Thursday, February 12, 2009

30 Rock: with The Office and Burn Notice, two hours of terrifically written and acted TV


"They're all former investment bankers who were laid off in the economic crash that Nancy Pelosi caused. [Smiling affectionately.] They've got zero real-world skills, but God, they work hard!"
-- GE-NBC exec Jack Donaghy (Alec Baldwin) to producer Liz Lemon (Tina Fey), about the snide, hypercompetitive new pages assigned to her show ("a little old," she has observed, "and overdressed"), in last week's 30 Rock episode

by Ken

And Jack would know how hard his over-age-frat-boy pages work. He asks them "to run out and pick up some flowers, a collection of bath soaps, and some Spanish-language gossip magazines," and they make a mad, elbows-flying dash for the elevators. (It turned out that Jack was trying desperately to win over the grandmother of Elisa, the Puerto Rican nurse he's fallen in love with, played by the lovely Salma Hayek. He's under the impression that the old woman doesn't like him -- perhaps because, as we saw in a flashback, she's told him that she hates him.)

I've been trying for a week to think of something remotely as smart as this dazzling bit of dialogue to say about 30 Rock. In the erratic but irresistible first season most of the fun came from ultra-corporatist Jack Donaghy (Alec Baldwin) and his underclass counterpart, ultra-loyal (and ultra-bizarre) page Kenneth (Jack McBrayer). By the show's second season, though, all the wacky elements had hit their stride, and the momentum has carried through brilliantly to this, the third season.

To her credit, show creator Tina Fey didn't demand the spotlight, and her own character, producer Liz Lemon has grown into one of TV's most cherishable (albeit near-hopeless) characters -- her show seeming week by week less under her control, and her personal life in even worse shape. The show functions just this side, or maybe a bit over the edge, of insanity.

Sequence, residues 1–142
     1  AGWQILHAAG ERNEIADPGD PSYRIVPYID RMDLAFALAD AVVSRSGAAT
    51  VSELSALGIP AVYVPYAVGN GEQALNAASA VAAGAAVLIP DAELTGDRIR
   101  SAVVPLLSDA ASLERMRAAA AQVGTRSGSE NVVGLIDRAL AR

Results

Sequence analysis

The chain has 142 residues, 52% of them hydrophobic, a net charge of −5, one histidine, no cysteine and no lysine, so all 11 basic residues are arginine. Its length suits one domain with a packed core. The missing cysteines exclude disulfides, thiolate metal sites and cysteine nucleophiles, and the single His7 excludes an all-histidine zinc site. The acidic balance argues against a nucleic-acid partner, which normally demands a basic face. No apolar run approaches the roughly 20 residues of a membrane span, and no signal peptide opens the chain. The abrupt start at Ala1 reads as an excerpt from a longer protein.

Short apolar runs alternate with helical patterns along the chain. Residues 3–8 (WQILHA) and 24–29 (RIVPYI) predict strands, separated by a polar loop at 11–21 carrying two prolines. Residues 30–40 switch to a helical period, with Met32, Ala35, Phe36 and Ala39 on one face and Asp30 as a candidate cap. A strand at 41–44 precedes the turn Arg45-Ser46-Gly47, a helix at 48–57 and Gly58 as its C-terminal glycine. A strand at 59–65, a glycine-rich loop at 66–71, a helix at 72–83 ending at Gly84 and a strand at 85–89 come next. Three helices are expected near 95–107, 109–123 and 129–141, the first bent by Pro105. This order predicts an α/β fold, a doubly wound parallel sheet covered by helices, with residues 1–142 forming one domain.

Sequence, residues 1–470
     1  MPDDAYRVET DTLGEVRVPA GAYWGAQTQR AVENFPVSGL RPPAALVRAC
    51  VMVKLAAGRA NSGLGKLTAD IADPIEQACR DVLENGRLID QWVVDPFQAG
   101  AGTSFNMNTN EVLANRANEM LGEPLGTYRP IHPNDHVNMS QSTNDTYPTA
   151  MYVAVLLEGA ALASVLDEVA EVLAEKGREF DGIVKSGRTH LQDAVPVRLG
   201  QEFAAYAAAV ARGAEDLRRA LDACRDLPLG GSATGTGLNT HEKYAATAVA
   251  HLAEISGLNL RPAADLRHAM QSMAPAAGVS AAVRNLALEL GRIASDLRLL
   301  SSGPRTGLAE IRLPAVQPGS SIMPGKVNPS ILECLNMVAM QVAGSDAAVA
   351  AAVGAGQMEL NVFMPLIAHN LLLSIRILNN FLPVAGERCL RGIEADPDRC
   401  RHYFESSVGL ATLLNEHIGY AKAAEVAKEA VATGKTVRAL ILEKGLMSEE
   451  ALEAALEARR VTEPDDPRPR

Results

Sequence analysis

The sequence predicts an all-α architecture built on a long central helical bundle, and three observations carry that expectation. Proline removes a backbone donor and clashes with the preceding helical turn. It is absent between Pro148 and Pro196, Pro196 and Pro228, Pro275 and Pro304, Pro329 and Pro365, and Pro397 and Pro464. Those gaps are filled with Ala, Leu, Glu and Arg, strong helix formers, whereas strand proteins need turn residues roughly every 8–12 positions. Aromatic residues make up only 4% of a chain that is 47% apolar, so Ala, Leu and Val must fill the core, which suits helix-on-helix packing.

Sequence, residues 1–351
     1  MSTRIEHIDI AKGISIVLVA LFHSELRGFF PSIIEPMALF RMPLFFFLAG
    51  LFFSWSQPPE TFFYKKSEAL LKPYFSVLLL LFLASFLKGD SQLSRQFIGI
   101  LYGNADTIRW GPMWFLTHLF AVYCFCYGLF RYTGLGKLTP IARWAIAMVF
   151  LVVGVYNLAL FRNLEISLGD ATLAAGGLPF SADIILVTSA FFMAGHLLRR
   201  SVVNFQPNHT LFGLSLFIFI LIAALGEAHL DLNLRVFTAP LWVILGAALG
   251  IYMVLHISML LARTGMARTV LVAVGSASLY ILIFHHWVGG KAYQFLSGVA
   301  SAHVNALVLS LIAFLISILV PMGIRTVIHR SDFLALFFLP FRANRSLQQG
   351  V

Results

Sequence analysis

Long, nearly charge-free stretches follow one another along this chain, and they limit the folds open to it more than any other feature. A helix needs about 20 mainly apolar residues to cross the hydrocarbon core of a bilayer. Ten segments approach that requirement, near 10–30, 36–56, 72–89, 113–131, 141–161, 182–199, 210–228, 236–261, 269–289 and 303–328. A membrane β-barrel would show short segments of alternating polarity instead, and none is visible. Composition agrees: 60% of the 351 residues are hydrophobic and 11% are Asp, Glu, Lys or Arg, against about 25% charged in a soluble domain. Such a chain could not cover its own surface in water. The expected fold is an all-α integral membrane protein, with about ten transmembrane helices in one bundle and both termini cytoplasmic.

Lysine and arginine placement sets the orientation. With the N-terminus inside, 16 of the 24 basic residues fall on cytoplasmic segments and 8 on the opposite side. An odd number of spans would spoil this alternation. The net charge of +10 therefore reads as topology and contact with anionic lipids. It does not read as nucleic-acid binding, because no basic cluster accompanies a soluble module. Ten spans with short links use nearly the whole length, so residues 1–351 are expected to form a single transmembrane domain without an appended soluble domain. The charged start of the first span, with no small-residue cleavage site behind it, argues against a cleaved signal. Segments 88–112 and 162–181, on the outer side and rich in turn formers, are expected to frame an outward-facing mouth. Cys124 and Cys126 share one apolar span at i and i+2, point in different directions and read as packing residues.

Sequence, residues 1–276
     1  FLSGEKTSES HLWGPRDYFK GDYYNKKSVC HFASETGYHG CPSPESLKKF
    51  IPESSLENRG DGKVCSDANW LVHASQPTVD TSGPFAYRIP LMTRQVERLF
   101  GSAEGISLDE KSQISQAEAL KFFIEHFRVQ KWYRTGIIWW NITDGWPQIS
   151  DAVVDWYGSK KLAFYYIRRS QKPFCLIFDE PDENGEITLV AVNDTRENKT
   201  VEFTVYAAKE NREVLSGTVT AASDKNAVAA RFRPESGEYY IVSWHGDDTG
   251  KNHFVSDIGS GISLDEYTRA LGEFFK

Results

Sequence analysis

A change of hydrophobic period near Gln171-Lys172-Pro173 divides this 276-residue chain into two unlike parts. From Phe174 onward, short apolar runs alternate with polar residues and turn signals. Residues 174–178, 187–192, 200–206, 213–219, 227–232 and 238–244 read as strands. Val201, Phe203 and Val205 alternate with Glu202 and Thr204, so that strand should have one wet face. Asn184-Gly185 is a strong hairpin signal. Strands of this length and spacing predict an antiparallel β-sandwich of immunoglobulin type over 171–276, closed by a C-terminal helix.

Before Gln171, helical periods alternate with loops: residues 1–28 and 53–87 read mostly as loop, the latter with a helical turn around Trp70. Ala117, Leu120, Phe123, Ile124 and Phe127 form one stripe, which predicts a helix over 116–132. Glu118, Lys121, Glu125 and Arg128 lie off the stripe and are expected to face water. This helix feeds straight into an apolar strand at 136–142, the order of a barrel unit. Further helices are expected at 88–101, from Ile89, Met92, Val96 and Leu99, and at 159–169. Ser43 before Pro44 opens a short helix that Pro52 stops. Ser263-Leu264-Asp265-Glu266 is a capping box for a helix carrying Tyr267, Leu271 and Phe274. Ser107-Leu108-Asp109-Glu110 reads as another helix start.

And NBC has paired it brilliantly with its other great sitcom, the astonishing American version of The Office. (There must be some weird schedule-balancing principle at work in plunking the hour comprising The Office and 30 Rock right after an hour filled with the flesh-crawling My Name Is Earl and Kath and Kim. Is there anybody who watches both hours?) And now with USA's Burn Notice at 10pm ET/PT as gripping and amusing as ever in its third season, we've got as solid a two-hour TV block as I can remember: smart and funny, terrifically written and acted.

(At that same hour, according to NBC promos ER continues to be shown for what is claimed to be a final season. Surely this is just a cunning cost-cutting measure, though. Didn't ER go off the air, like, 10 years ago? Surely nobody has watched it since then. My theory is that the scam goes like this: NBC simply continues to list it on the schedule and, since no one is watching, saves money by not running any actual program. Must be tough on the ad salesfolks, but it can't be much tougher than a lot of the crap they have to sell where there is an actual program.)

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At 3:35 PM, Blogger newtonusr said...

Haven't seen "Burn Notice," and I like "The Office," but Fey's "30 Rock" is side-splitting-funny and for once, a huge corporation (in this case General Electric) allows themselves to be mercilessly lampooned.
Among the best comedies ever.

Thanks, Howie.

At 12:29 AM, Blogger Bruce said...

Burn Notice is one of the few shows I make sure I don't miss an episode. Bruce Campbell. Nuff said.


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